The 3 Reasons Semiconductor Experience Revenue Cycles – Forbes
The semiconductor business is notorious for its “Boom-Bust” cycles. For a couple of years the industry will be highly profitable, then for the next couple of years profits will elude the entire industry.
Why is that?
When you boil it down, there are only three events that ever cause semiconductor cycles:
- Capital spending ups and downs
- Process migration glitches
- Demand slowdowns
Let’s briefly look at each of these.
Capital spending is the big one and accounts for more than half of all cycles, or for more cycles than the other two combined. In a nutshell it’s a predictable sequence: When semiconductor makers are profitable they invest in new manufacturing capacity. This new capacity ramps in about two years to full output, causing an oversupply which unravels pricing. When profits vanish manufacturers shut off capital spending, which later on causes a shortage.
This has been the subject of a prior post, so I won’t go into more detail here. The dynamics of the cycle are presented in this post’s graphic.
Next Next on the list is process migration glitches. These are rarer events, and tie into how semiconductor manufacturers plan their capacity. These companies determine how much product their customers are likely to purchase and decide how they are going to produce it. Since demand grows nearly constantly (more on this later) these companies plan to satisfy a portion of this growth by adding production capacity (processing more wafers) and to satisfy the other portion by improving efficiency through process shrinks. A process shrink allows you to squeeze more transistors onto a wafer by printing finer-resolution lines.
A company that stumbles and fails to follow its process migration roadmap will produce fewer transistors than planned and will not be able to keep up with ramping demand. When the industry as a whole has this problem it causes a sizable shortage.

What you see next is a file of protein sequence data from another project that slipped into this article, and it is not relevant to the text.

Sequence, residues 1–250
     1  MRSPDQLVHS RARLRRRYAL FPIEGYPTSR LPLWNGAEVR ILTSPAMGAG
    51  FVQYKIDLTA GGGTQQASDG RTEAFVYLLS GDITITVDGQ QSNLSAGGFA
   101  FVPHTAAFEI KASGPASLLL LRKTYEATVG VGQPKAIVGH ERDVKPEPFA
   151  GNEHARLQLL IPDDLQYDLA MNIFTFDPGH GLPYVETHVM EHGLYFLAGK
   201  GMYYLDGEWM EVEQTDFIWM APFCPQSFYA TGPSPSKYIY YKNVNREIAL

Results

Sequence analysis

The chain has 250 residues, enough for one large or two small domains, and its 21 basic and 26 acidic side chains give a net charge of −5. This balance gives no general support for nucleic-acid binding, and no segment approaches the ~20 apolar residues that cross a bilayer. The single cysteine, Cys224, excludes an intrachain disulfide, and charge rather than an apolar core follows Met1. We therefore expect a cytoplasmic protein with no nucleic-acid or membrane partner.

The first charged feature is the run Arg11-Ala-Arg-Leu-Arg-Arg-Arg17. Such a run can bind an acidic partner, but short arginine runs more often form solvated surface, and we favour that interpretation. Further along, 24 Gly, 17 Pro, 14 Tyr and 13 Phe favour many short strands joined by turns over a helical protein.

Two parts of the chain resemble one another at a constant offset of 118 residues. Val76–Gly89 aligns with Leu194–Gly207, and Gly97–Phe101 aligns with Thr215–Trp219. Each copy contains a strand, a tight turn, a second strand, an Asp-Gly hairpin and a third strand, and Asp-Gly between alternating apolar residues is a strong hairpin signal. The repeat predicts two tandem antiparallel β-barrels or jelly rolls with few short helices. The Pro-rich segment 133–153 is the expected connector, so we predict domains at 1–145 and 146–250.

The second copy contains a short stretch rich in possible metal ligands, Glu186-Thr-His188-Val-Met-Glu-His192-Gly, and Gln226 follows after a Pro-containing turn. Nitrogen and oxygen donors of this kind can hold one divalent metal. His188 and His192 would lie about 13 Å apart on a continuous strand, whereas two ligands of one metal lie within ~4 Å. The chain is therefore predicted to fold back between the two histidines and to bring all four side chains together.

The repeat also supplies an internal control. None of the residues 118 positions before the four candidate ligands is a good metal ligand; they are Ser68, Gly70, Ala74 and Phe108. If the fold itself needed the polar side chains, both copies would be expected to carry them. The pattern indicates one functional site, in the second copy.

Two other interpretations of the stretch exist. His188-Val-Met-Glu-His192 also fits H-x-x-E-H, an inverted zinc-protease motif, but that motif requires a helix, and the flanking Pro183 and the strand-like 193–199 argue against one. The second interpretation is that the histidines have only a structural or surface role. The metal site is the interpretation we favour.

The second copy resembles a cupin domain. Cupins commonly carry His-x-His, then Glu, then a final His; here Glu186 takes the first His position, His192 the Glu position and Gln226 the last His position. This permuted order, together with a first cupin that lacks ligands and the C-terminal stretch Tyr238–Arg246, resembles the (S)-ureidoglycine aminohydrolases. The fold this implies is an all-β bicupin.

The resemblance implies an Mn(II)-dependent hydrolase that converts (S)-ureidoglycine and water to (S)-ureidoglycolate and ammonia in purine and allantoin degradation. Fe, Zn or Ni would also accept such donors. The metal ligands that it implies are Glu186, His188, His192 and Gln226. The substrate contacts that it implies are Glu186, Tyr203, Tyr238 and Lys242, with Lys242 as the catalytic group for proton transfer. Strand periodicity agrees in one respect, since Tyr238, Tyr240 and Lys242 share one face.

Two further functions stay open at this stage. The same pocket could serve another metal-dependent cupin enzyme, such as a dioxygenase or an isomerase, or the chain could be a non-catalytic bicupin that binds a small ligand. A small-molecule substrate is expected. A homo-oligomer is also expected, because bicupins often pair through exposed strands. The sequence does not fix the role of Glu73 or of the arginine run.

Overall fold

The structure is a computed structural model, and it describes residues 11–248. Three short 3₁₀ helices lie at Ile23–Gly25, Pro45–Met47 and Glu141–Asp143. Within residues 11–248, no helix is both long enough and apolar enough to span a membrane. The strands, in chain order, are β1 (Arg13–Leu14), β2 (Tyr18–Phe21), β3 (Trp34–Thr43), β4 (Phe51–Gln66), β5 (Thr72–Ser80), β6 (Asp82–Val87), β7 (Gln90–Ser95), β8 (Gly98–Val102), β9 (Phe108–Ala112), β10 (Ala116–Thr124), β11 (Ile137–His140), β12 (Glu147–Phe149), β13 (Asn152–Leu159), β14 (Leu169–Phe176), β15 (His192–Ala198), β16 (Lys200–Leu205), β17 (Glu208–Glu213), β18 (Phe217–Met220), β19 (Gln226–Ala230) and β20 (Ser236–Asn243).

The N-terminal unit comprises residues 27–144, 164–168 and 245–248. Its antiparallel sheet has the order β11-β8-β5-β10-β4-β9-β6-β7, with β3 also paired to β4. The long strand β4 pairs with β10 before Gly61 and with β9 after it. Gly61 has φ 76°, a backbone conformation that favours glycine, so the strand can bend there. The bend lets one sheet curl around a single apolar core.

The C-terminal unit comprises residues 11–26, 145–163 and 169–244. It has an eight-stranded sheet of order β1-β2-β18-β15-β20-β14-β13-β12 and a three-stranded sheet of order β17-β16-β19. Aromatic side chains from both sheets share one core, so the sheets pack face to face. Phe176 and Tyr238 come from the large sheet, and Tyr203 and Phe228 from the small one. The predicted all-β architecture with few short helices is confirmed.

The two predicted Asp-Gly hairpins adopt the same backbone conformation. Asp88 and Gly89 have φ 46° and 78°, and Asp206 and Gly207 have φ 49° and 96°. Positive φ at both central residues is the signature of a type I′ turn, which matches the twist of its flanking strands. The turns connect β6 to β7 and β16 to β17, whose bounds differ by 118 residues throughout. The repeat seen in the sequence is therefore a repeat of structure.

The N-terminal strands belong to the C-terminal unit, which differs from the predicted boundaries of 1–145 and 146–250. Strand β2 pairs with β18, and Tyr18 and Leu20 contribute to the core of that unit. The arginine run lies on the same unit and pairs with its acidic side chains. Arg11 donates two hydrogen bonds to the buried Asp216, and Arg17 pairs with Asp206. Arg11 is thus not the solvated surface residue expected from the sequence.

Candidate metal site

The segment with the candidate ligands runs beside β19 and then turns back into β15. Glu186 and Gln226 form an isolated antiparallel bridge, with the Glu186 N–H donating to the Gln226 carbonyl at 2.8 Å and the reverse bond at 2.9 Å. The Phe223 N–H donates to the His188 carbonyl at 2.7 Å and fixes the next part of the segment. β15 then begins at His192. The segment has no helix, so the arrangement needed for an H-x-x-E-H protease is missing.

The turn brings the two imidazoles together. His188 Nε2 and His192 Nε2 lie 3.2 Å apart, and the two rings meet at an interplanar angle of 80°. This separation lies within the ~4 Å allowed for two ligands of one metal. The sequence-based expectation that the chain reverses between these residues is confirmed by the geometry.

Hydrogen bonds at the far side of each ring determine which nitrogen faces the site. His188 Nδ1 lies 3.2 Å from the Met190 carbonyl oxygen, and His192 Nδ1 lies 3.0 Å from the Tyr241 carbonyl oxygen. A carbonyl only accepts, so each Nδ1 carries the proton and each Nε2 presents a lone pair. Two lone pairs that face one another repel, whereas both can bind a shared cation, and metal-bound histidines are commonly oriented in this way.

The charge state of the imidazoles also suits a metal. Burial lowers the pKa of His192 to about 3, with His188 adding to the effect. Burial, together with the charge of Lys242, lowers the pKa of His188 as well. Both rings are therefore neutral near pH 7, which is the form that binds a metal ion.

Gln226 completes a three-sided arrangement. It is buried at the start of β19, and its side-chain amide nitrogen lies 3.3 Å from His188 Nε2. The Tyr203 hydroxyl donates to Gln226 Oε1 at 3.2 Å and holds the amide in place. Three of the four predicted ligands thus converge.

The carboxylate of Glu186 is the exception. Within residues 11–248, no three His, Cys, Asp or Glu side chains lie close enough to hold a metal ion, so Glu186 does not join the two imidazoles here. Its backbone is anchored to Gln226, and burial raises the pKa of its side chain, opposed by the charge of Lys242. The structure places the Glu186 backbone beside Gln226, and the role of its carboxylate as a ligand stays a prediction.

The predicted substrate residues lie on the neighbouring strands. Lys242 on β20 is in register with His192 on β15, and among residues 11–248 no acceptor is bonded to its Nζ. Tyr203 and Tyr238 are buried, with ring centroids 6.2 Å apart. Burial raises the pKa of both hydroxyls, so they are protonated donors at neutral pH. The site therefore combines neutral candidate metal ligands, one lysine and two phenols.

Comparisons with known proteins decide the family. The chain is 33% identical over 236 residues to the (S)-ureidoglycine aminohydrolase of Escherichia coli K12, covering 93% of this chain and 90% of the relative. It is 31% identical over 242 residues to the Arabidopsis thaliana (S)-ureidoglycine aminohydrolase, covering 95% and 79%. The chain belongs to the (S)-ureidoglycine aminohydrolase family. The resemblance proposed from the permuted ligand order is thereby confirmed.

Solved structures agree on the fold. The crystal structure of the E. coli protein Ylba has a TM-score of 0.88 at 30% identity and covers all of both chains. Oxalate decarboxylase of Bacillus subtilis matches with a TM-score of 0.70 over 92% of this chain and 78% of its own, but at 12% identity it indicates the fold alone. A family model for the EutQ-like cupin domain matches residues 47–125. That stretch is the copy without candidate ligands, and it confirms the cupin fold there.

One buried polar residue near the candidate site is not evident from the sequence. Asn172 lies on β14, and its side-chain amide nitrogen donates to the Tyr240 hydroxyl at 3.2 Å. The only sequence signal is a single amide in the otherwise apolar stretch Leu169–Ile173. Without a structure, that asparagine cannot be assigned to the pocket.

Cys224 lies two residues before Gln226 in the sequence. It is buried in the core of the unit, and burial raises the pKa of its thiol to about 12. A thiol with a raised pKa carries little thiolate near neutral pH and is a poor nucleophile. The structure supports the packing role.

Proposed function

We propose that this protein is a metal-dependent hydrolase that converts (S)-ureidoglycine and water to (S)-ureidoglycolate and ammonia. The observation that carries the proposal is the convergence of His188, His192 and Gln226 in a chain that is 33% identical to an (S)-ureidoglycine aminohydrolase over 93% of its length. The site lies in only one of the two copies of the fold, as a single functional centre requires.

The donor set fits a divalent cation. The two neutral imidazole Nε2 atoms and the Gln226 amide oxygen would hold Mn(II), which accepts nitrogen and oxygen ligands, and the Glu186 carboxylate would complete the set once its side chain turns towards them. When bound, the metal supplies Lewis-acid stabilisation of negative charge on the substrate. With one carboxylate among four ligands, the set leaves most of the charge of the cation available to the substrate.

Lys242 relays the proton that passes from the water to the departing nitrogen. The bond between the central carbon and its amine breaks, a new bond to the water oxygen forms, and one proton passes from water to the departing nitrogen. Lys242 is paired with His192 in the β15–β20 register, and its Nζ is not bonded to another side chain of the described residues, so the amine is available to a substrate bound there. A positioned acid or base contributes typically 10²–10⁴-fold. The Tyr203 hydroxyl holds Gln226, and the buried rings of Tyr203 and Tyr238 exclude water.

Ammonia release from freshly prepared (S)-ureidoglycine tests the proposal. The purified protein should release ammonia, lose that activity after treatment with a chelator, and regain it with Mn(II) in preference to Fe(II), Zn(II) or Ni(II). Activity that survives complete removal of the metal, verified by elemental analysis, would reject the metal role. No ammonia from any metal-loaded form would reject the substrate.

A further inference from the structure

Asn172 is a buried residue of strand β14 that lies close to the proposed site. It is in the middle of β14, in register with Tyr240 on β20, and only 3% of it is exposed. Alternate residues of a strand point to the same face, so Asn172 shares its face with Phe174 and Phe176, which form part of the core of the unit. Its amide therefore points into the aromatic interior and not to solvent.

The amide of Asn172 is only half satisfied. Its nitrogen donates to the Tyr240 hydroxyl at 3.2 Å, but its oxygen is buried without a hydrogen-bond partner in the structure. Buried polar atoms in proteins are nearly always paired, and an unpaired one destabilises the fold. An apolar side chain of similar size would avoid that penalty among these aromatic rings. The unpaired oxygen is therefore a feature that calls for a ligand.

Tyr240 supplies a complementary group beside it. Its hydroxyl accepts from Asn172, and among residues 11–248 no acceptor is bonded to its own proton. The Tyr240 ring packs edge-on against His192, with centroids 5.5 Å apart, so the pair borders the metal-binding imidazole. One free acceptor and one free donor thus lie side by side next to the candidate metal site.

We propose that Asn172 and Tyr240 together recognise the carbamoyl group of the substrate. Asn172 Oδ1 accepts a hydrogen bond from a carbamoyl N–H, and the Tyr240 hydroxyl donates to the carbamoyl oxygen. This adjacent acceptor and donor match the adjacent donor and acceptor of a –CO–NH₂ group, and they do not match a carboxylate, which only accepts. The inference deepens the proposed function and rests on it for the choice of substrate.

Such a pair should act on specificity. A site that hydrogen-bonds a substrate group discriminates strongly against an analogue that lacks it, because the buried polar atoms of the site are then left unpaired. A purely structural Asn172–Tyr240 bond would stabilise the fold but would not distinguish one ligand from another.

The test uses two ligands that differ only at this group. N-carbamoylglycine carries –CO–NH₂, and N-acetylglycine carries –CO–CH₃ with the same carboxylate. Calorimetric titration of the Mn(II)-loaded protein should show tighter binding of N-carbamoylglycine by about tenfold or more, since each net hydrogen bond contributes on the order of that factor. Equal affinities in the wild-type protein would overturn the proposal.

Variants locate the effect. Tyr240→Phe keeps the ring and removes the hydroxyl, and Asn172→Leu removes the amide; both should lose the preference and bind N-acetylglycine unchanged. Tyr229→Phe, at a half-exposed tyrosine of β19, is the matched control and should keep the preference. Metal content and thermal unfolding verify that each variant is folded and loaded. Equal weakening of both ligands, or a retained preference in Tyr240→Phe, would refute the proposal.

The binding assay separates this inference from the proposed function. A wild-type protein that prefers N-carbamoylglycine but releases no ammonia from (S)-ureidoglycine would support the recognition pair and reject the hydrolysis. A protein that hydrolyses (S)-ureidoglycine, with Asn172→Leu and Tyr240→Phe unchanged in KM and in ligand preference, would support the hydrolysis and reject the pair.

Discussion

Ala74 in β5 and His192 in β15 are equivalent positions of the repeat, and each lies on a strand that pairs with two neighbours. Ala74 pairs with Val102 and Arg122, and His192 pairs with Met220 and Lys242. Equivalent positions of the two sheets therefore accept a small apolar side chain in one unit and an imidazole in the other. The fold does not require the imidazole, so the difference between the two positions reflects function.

The last two industry-wide process stalls were in 1994-5, and in 2005. Both extended existing CapEx-driven shortages, and both of these shortages were followed by unusually spectacular collapses.
There are indications that we are facing another process-driven shortage in coming years. I’ll deal with that in future posts.
Finally we have demand slowdowns. I have mentioned in an earlier post that these are exceedingly rare. On average they occur every 15 years. I have not found a way of predicting these, and would probably be very well off if I could. The last two were the Internet Bubble Burst of 2001 and the Global Financial Meltdown of 2008, which occurred in surprisingly rapid succession.
A demand slowdown creates similar results to an overcapacity – chip makers cut prices to try and stimulate demand but instead cause a downward price spiral.
So there you have the three events that trigger semiconductor cycles: CapEx cycles, process stalls, and demand slowdowns. Only the first of these is easy to predict – the other two are trickier.
Objective Analysis helps our clients to understand the semiconductor cycle and to anticipate triggering events, identifying when they occur. If you would like to learn how we can help you please visit our website.